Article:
Eddard still didn't respond, but Lyanna was getting worked up. She was bitterly angry. "As for the septa's who've taken charge of me, they all worship motherhood, but none of them ever experience it. Cows make good mothers and sheep suckle perfectly adequately, so what merit lies in motherhood? Any stupid girl can become a mother! It’s all that most of them are fit for! Motherhood isn’t an achievement, it’s an inevitability!" She was weeping now. "And father sold me to Robert, gave me away like it was nothing, and that was all he wanted from me! I'd be Robert's suckling cow, until he lost interest and found someone else to do it for him."
"And Rhaegar was different?"
She closed her eyes and for a few seconds Eddard could not be certain whether she was laughing or crying. Then he saw it was laughter that had made her shudder. "You don't know me at all." She said, looking at him again. "Not at all. Do you think I loved Rhaegar? Do you really believe that?"
"I always thought you must have. You wanted to be his queen, anyway."
"What does that have to do with love? I didn't need to love Robert to be married to him, why should Rhaegar have been different?" she asked derisively. "I wanted him to be King because he was a weak, indecisive man who was convinced he was complicated when no man was more simple, and thought himself terribly miserable because nobody challenged him and he didn't know how to challenge himself. All because he liked to think he was different. Special. Well, we used to have a stable-boy in Winterfell - do you remember? I can’t bring his name to mind, but he could fart for almost a minute straight - but heedless of this admittedly unusual talent was as ordinary a man as you could wish for - he eventually married a chambermaid and had children, a grandmother, and the rest. No, it wasn't Rhaegar."
Wallen. Ned thought. His name had been Wallen. But of course she hadn't known.
She bared his teeth. "He did as he was told, and a woman can only rule in this world through such a feeble man. All I had to do was be the loudest voice in Rhaegar's ear, and I would have been queen. Really queen, not just a way of bringing little Kings into the world. Robert isn't all that different, not really." She took a deep breath. "But it's too late. He doesn't want me anymore."
Eddard sighed. Maybe she did know his friend after all. Robert was a simple man, as well. He wanted to hunt, to be surrounded by friends. He loved to fight, but he didn't love pain or suffering, most of the time at least. And he wanted constant reassurance that he was a good man. And when she ran off with Rhaegar it had proved to Robert that he was the lesser man. It wasn’t true, of course, but it hurt him. How it hurt. Eddard didn't think he had ever seen a man so hurt. But he had loved her, and he didn't know how to stop, so he couldn't forget her. He couldn't live with himself if he killed her, but he no longer trusted her so he wouldn't marry her. So he had given her to her brother and his best friend, married Rhaegar's widow for continuity of dynastic purposes and did his best to get on with his life.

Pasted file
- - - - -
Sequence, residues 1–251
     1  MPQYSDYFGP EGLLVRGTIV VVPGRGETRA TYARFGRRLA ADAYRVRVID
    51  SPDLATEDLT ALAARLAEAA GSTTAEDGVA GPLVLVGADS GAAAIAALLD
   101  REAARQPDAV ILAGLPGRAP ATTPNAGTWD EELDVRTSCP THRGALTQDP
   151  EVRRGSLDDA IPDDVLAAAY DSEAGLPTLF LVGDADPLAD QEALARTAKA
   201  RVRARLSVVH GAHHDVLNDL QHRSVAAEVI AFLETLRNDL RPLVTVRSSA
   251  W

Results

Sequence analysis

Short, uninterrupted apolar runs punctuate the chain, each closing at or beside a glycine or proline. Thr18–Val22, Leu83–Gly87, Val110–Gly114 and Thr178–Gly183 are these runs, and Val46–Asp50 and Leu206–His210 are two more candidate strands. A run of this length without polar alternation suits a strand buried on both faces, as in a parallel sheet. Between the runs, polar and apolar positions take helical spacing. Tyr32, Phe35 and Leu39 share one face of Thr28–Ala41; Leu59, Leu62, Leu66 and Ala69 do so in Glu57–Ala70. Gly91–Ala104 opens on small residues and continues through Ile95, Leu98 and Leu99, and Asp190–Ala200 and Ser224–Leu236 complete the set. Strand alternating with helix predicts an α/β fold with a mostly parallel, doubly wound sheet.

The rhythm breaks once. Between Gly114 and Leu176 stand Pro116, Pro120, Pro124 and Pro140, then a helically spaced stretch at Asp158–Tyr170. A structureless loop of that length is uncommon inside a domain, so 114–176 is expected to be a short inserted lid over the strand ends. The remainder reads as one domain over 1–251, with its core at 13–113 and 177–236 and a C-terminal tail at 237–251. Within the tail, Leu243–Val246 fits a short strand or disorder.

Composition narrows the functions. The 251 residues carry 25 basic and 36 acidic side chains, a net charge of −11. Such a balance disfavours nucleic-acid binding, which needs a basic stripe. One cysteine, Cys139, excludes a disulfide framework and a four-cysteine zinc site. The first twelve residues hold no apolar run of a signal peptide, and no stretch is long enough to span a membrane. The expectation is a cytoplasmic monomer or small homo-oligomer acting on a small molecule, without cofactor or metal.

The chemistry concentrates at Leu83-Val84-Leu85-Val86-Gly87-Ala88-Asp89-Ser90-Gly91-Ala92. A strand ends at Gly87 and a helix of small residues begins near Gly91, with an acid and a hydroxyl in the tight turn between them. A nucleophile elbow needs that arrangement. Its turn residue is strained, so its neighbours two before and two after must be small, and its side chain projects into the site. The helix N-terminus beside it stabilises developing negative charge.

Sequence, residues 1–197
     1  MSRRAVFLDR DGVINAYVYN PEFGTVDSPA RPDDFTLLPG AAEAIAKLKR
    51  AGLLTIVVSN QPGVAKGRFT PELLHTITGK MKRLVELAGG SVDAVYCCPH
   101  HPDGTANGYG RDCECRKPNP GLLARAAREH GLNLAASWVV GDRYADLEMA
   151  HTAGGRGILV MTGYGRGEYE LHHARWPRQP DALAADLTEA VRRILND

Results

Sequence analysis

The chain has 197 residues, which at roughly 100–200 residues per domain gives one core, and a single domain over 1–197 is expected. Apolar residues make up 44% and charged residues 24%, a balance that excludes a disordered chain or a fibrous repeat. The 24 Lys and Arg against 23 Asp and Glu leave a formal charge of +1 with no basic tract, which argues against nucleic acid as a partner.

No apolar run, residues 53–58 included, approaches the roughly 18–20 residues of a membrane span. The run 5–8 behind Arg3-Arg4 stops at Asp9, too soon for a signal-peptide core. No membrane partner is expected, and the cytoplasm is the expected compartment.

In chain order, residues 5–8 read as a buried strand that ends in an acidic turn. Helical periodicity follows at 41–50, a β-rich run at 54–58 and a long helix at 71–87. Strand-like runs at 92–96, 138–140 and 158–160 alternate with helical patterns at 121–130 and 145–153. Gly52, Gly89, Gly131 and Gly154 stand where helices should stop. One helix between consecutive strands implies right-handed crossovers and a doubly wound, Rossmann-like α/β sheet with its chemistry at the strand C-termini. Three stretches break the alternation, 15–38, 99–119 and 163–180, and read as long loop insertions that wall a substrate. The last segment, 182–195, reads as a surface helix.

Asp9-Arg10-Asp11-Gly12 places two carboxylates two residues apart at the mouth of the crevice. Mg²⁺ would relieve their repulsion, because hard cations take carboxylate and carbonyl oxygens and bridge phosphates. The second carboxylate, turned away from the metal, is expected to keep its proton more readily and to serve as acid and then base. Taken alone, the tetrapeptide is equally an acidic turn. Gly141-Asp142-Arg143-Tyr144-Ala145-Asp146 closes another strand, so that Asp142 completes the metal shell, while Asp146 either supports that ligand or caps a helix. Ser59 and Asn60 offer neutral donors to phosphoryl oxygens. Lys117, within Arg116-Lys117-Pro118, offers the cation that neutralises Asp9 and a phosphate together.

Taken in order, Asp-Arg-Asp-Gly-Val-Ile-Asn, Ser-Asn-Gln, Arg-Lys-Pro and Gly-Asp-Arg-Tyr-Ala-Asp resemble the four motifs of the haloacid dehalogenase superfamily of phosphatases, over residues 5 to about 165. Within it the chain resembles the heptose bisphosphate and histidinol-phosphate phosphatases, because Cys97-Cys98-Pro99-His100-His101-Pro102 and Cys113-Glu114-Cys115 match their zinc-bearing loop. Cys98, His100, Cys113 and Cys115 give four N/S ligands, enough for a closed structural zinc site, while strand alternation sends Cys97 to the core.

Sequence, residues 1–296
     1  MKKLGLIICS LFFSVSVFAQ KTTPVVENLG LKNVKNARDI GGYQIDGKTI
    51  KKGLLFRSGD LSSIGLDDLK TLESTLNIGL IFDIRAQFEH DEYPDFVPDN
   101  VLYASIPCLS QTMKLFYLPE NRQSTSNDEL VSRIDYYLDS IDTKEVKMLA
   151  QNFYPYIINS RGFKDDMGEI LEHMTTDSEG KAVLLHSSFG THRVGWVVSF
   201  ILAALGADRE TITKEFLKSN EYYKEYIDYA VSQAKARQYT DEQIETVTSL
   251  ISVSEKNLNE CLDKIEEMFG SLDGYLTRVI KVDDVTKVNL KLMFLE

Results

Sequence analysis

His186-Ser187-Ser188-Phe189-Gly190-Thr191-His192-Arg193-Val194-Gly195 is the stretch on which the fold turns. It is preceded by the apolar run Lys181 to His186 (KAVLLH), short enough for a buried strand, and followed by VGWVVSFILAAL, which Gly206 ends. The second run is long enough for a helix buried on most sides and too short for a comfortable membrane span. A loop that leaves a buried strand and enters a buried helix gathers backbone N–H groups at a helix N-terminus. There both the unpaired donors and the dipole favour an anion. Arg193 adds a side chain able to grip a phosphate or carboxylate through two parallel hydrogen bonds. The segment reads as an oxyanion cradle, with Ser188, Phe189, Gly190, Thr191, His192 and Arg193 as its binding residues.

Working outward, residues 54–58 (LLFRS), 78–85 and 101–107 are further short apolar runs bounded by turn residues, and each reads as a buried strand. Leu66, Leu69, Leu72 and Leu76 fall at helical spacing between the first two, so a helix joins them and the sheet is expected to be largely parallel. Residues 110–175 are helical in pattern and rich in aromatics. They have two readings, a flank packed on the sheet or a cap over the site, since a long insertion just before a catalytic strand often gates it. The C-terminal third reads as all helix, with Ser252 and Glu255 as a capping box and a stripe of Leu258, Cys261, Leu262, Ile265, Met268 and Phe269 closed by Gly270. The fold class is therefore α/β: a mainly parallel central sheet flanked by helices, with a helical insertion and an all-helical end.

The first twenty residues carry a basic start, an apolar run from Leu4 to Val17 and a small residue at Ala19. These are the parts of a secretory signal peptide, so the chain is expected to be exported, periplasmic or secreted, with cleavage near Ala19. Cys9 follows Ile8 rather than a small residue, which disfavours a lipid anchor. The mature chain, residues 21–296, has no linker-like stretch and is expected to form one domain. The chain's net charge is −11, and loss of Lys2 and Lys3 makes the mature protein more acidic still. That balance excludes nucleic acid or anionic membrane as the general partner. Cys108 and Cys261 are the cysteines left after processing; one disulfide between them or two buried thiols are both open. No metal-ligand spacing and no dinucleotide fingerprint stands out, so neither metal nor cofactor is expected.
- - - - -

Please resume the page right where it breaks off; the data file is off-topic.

But he wasn’t like his friend - she had killed any love her brother felt for her when she’d demanded his fealty. He could not bring himself to kill her either, but he would not look at her. This had been his wife's idea. And she was left in another tower, much like the one she'd been rescued from, her life effectively over. It was a covenant, or supposed to be, for Silent Sisters. But Lyanna hadn't sworn vows and vanished as would have been easier, so she was their guest, or their prisoner. Something between the two, anyway.
"So I suppose the joke is on me. Rhaegar used me for a son - and wasn't even particularly enjoyable about making one. Say that much for Robert, he must have had some idea what he was doing with a woman - the girls used to treat him like some sort of amorous heathen god. That sounds rather better than what I got. The prince felt more like a big cold fish lying on top of me, gritting his teeth and refusing to meet my eyes, reluctant to touch me at all save to do the necessary, then left the bed as soon as he was done. You know, for all his talk I think he was ashamed afterall, and you should have seen the looks of loathing his knights gave me. Then, once he'd got what he wanted out of me, he kept me locked in a tower where I was in tears from boredom when I wasn't weeping for father and Brandon, got himself killed in short order, and Robert forgot me in order to comfort Rhaegar's widow." She made an imperious gesture. "All that work, all for nothing."
Eddard didn't respond.
"You know, this letter is all that I know about my son? Aegon Sand, a small claim to calling himself prince until he signs his birthright away. Rhaegar told me he would be a girl, and be named Vissenya. He was so proud of his children, and barely mentioned their mothers. Either of us. And yet he scarcely could have told me their ages had I asked, it was the idea of what they achieved that interested him, because what he really wanted was a reflection of himself." She shook her head. "You know, I think he might have been a worse parent than me. Something we did have in common."
"What would you have named him?"
She fell silent again. "Roderick, I suppose. I didn't care, to be honest. I only wanted to bind myself to Rhaegar, to give him no way of backing out once the initial fire had worn off. But he did it anyway, our son is a child and a bastard, with no loyal subjects, at least to him personally, nobody to support him save for reason that they support their own ambitions, and if he ever does become a king his crown will encompass no more than his own head, if even that."
Eddard's lips twitched. “Your suffering is not entirely of your own making, and I will not say that it is. But it is your own decisions that brought you here. You killed Brandon and Father, sister." He said, coldly. "You might not have intended it, but you did. Thousands died for that, the realm bled, and good men died. A few bad ones as well, but you destroyed your own family all to try and seize power for yourself. So if no one else’s suffering is to be considered, don’t ask for consideration of yours.”